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Dynamic Swarm Management for Improved BitTorrent Performance

György Dán

ACCESS Linnaeus Centre

KTH, Royal Institute of Technology

Niklas Carlsson

University of Calgary

Calgary, Canada


BitTorrent is a very scalable file sharing protocol that utilizes the upload bandwidth of peers to offload the original content source. With BitTorrent, each file is split into many small pieces, each of which may be downloaded from different peers. While BitTorrent allows peers to effectively share pieces in systems with sufficient participating peers, the performance can degrade if participation decreases. Using measurements of over $700$ trackers, which collectively maintain state information of a combined total of 2.8 million unique torrents, we identify many torrents for which the system performance can be significantly improved by re-allocating peers among the trackers. We propose a light-weight distributed swarm management algorithm that manages the peer torrents while ensuring load fairness among the trackers. The algorithm achieves much of its performance improvements by identifying and merging small swarms, for which the performance is more sensitive to fluctuations in the peer participation, and allows load sharing for large torrents.

1 Introduction

BitTorrent is a popular peer-to-peer file-sharing protocol that has been shown to scale well to very large peer populations [9]. With BitTorrent, content (e.g., a set of files) is split into many small pieces, each of which may be downloaded from different peers. The content and the set of peers distributing it is usually called a torrent. A peer that only uploads content is called a seed, while a peer that uploads and downloads at the same time is called a leecher. The connected set of peers participating in the piece exchanges of a torrent is referred to as a swarm.

A client that wants to download a file can learn about other peers that share the same content by contacting a tracker at its announce URL. Each tracker maintains a list with state information of known peers that currently are downloading and/or uploading pieces of the file, and provides a peer with a subset of the known peers upon request. Upon requesting the list of peers, the peer has to provide the tracker with information about its download progress. Additionally, the peers must inform the tracker about changes in their status (i.e., when they join, leave, or finish downloading the file). To avoid overloading trackers, the BitTorrent protocol only allows a peer to associate with one tracker per file that it is downloading (unless the tracker is no longer available and a new tracker must be contacted). Naturally, torrents may therefore have multiple parallel swarms.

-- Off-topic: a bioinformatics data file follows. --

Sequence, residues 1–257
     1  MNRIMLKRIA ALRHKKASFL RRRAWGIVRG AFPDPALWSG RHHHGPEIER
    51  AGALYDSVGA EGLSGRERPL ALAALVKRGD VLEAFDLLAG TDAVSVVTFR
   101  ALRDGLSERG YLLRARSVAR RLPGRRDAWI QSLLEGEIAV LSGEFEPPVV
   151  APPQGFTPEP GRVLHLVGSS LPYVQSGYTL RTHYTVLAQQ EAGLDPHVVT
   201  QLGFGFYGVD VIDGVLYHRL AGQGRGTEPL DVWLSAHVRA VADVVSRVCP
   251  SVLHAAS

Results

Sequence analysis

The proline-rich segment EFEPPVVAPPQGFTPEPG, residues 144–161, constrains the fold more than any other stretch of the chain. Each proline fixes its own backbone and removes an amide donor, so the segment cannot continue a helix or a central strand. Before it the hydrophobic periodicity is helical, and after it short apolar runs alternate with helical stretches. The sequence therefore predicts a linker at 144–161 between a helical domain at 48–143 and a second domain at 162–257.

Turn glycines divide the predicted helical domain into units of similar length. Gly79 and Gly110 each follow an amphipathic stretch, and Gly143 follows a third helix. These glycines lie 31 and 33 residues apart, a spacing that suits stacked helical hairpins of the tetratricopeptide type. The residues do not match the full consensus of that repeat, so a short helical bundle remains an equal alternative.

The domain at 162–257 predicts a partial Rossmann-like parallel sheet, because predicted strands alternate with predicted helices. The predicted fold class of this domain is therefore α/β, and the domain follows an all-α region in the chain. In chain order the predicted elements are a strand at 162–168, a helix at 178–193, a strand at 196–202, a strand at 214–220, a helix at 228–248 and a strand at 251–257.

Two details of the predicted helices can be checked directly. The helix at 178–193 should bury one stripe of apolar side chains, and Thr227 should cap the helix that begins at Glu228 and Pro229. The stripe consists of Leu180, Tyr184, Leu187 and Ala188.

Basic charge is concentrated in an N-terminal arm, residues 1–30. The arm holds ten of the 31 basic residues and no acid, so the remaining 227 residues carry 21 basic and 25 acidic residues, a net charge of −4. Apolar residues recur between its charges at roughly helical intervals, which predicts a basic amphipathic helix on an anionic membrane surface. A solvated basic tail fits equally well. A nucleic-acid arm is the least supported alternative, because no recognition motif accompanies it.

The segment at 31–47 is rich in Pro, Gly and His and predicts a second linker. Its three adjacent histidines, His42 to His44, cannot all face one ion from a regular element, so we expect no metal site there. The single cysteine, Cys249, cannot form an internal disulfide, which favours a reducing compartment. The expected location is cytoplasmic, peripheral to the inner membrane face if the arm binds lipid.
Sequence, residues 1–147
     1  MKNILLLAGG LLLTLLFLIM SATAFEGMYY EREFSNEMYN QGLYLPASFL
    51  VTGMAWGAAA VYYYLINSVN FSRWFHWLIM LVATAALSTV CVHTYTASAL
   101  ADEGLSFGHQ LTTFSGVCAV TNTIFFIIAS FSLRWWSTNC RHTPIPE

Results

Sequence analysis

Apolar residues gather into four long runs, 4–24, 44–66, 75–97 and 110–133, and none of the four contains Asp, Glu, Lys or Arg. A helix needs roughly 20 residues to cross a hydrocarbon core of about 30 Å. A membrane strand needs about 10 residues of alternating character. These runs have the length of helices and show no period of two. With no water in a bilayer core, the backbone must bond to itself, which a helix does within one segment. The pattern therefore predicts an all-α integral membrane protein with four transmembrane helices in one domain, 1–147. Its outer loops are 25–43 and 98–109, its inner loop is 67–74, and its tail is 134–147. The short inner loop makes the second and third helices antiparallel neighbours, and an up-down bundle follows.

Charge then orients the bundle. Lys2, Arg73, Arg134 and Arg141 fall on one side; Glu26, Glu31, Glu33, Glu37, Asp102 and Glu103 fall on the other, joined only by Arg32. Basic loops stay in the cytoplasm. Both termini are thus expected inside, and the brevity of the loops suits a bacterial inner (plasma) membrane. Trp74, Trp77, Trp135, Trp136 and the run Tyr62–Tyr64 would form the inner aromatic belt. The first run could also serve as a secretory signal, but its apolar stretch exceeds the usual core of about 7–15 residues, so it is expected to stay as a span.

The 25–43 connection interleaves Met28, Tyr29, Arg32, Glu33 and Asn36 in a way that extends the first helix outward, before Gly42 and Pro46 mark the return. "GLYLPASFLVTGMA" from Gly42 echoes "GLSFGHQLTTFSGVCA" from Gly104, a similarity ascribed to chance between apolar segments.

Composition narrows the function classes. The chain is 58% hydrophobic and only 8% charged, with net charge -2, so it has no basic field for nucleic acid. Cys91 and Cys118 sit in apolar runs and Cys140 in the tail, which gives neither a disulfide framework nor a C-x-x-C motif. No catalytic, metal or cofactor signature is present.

While BitTorrent allows peers to effectively share pieces of popular torrents with many peers in a swarm, the performance of small torrents and swarms is sensitive to fluctuations in peer participation. Measurement data suggests that peers in small swarms achieve lower throughput on average (e.g., Figure 9 in [9]). Most swarms are unfortunately small; several sources confirm that the popularity distribution of p2p content follows a power-law form, with a ``long tail'' of moderately popular files (see Figure 1(a) and, e.g., [1,3,4,5]). At the same time, the measurement data we present in this paper shows that many torrents consist of several swarms (see Figure 1(b)). Potentially, if one could dynamically re-allocate peers among the trackers such that multiple small swarms of a torrent are merged into a single swarm, then one could improve the file sharing performance of the peers belonging to these torrents.

Motivated by these observations, the goal of our work is to evaluate the feasibility and the potential gains of dynamic swarm management for BitTorrent trackers. To support our evaluation, we performed measurements of $721$ trackers, which collectively maintain state information of a combined total of $2.8$ million unique torrents. We propose a light-weight distributed swarm management algorithm, called DISM, that also ensures load fairness among the trackers. Based on our measurement data and using DISM we argue that dynamic swarm balancing could lead to a significant performance improvement in terms of peer throughput. We also briefly discuss alternatives for swarm management that could lead to similar performance improvements.